07:15 GMT17 February 2020
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    Paris’ push to host the 2024 Summer Olympic Games will not be derailed by the bloody terrorist assault on the city on November 13.

    A week after the bloodbath that claimed the lives of some 130 people in the French capital, co-president of the country’s Olympics bid, Tony Estanguet, stepped out with a statement on Friday, saying that the committee will continue to put their best efforts towards bringing the games to the city in 2024, for the first time in 100 years.

    "More than ever we are determined to fight and to work very hard," three-time Olympic gold winner Estanguet said. "All the team members had the same feeling… that we have to continue and to work maybe harder than we did in the past."

    France now needs projects that bring positivity into the lives of the country’s citizens, Estanguet noted, adding that “sport is a great vehicle for this kind of emotions." And security concerns shouldn’t impede the Paris bid, in the champion slalom canoeist’s opinion.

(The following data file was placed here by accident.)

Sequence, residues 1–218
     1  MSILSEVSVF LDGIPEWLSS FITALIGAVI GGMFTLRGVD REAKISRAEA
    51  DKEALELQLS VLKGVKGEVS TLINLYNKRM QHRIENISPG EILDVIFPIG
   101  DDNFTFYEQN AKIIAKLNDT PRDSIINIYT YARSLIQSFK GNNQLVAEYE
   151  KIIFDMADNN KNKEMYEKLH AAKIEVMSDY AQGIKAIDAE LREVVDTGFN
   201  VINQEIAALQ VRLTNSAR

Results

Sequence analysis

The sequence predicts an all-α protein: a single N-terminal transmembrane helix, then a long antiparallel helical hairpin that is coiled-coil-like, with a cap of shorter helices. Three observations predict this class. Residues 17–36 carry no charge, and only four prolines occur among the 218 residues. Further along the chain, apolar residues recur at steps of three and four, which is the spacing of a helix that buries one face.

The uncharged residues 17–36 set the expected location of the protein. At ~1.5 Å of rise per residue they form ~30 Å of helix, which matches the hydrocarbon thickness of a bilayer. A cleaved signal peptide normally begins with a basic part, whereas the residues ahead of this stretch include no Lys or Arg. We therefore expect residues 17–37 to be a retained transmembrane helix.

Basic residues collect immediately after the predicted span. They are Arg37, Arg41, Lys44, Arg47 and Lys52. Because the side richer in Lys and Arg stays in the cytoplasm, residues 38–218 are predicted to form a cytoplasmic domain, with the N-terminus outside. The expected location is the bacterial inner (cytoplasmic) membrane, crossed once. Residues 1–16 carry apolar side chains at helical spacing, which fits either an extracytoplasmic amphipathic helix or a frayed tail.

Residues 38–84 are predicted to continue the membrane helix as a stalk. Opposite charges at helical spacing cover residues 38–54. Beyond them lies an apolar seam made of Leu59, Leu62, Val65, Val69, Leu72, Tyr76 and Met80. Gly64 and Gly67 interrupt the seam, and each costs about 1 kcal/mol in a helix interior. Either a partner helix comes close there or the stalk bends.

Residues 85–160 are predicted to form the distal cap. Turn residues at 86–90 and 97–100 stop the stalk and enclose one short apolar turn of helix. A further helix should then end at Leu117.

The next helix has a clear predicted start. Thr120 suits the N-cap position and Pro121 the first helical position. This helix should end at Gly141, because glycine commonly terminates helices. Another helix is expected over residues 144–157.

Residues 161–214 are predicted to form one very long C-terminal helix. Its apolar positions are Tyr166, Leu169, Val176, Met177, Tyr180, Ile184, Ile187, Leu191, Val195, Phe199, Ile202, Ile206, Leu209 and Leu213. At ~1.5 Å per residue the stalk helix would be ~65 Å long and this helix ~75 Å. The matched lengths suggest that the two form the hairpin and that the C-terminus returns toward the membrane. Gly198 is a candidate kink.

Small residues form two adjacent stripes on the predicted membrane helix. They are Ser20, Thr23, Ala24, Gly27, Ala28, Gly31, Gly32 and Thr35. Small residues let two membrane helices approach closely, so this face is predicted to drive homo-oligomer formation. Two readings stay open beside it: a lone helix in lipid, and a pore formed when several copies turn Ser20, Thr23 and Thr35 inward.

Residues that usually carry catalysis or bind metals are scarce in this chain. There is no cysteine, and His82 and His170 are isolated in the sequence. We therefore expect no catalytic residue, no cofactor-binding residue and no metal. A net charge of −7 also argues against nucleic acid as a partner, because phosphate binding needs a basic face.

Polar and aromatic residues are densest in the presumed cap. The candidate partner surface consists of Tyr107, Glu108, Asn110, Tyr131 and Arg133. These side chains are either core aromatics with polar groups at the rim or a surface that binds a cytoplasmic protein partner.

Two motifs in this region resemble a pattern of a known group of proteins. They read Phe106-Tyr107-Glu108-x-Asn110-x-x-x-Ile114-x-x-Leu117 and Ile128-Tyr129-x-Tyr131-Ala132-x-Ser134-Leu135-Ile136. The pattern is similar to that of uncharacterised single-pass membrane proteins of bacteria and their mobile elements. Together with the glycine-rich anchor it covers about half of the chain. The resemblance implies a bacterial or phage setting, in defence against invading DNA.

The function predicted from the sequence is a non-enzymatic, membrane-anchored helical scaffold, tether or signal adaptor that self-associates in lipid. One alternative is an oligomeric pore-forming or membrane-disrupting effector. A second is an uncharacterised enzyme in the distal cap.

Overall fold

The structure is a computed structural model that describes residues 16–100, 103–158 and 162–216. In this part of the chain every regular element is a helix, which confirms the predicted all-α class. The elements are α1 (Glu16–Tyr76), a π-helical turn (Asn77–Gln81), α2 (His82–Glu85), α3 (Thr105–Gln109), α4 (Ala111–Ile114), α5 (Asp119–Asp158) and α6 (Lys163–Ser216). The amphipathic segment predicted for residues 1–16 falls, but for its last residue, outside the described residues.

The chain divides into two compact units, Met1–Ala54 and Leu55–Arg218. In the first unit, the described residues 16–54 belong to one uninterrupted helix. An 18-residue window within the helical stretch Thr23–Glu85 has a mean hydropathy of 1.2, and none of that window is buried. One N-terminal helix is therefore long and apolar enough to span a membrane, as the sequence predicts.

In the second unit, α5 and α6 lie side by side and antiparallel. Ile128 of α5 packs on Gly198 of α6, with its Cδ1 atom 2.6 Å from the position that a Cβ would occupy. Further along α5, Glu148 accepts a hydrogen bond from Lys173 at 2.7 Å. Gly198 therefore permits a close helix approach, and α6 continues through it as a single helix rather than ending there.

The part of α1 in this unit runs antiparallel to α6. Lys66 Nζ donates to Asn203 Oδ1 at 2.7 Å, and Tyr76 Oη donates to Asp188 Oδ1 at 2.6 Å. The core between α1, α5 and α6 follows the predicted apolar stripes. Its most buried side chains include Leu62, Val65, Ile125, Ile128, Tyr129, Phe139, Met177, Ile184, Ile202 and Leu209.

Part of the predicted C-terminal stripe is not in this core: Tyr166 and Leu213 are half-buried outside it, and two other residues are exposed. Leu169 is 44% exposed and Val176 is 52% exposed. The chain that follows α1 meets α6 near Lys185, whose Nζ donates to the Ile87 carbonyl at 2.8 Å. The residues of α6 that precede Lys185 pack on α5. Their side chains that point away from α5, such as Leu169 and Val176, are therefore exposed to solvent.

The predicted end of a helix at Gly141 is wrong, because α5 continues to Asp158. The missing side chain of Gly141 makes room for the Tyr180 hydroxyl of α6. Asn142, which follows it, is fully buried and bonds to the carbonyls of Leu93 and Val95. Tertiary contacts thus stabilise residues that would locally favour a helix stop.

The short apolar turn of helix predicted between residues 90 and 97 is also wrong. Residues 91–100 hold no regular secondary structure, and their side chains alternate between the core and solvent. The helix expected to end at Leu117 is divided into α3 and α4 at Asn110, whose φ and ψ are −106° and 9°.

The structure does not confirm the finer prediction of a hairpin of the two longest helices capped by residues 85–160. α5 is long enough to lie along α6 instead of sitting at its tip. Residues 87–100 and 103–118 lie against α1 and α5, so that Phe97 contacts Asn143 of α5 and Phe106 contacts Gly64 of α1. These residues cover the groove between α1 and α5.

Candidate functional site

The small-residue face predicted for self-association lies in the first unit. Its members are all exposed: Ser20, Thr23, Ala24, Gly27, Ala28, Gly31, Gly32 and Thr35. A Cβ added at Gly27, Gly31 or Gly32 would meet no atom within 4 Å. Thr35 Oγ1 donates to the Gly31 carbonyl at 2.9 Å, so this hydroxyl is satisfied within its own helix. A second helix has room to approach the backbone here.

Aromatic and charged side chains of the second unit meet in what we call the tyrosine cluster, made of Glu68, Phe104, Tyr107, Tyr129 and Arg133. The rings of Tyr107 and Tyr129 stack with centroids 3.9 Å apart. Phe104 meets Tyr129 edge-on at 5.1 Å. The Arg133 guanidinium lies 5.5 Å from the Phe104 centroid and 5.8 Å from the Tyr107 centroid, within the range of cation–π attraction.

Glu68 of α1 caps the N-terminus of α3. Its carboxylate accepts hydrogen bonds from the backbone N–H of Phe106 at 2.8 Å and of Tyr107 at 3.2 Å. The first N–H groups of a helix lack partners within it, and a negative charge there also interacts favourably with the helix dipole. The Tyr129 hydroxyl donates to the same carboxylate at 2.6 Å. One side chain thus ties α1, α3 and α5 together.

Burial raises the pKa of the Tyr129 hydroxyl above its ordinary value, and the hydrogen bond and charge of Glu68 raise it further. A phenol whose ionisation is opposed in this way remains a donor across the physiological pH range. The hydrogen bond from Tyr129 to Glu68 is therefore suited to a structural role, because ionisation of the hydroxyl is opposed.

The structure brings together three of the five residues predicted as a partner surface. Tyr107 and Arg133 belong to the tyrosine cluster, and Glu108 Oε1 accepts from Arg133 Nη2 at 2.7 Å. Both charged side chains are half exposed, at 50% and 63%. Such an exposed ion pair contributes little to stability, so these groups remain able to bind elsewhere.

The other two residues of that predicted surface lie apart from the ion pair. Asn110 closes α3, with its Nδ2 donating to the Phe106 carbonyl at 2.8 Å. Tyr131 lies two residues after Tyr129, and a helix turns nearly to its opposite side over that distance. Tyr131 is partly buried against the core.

"We're leaving this topic to the authorities," he said. "And it's good to see that internationally that there's a common energy to share a good expertise and make sure that they will resolve this problem."

    On Friday, Estanguet attended the general assembly of European Olympic Committees in Prague, where officials from rival cities delivered goodwill messages to Paris in its attempt to win the right to hold the high-profile competition.

    As for now, Paris is competing against Los Angeles; Rome; Budapest, Hungary; and Hamburg, Germany.


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    Paris Attacks, 2024 Summer Olympics, International Olympic Committee (IOC), Paris, France
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